Our customer called the office because they have not been communicated with, the last person at the job was an employee who was there over 48 hours ago. We ask, why didn't that employee tell the customer what the next sequence of work was going to be?
At the conclusion of our investigation into Layer 1, we are ready for a heated discussion with our lead technician assigned to the project. We say our organization values our customers, but we are not demonstrating this with clear and consistent communication.
Organization Layer 2
We track down the responsible employee who was last at our under-informed customer's home and it turns out that employee didn't communicate scheduling details with the customer because that employee was not provided with sufficient information to intelligently pass along to our customer. While we were prepared to discipline this employee as the source of miscommunication, we discover that there are additional parties involved with this malady - there are more layers to investigate. In addition to this discovery, our employee brings to our attention that they regularly don't know what they are doing for the day when they show up for work.
As an organization we would say we value our customers, we also would say that we value our employees, we may even have these values posted on our walls, and yet we are not communicating with clarity or consistency to either party.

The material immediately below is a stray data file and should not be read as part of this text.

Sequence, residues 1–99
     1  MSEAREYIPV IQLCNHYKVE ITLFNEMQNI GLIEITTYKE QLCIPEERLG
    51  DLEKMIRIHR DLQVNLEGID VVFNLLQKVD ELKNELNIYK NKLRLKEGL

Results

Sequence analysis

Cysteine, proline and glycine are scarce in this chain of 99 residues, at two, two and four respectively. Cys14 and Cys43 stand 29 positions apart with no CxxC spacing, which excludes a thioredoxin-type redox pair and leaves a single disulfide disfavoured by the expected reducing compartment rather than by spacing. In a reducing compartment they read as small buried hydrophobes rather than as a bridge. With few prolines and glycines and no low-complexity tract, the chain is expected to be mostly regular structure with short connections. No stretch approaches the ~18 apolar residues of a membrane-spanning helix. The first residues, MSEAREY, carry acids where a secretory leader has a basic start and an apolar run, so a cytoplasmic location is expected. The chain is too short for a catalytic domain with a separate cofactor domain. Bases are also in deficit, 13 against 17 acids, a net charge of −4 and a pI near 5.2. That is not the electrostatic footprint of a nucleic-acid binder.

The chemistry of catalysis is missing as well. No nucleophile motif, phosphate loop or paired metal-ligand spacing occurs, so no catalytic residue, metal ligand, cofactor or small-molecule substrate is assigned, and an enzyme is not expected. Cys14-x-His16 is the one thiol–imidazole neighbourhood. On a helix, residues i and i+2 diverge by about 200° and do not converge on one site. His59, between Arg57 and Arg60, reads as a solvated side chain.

Organization Layer 3
As a manager, the frustration is turning is now bordering on anger. We march forward to discuss these disturbing findings from the previous two layers with our employee's supervisor. Rather than uncovering the head of the snake, we reveal that our production supervisor hasn't been clearly or consistently communicating scheduling or work details because they haven't been receiving them from their supervisor (in most restoration companies we are now at the estimator level/layer of the org chart).
Our production team hasn't been communicating in the manner we would expect with customers or employees because they are flying by the seat of their pants with the work being handed down to them. We are uncovering that our issues are as much with systems as they are with persons.
Organization Layer 4
Each layer has revealed an additional layer, managers who are willing to investigate may now be fearful of encountering additional worm holes within the system. Not us, we continue our investigation and gather the estimators into the conference room for the final tongue lashings.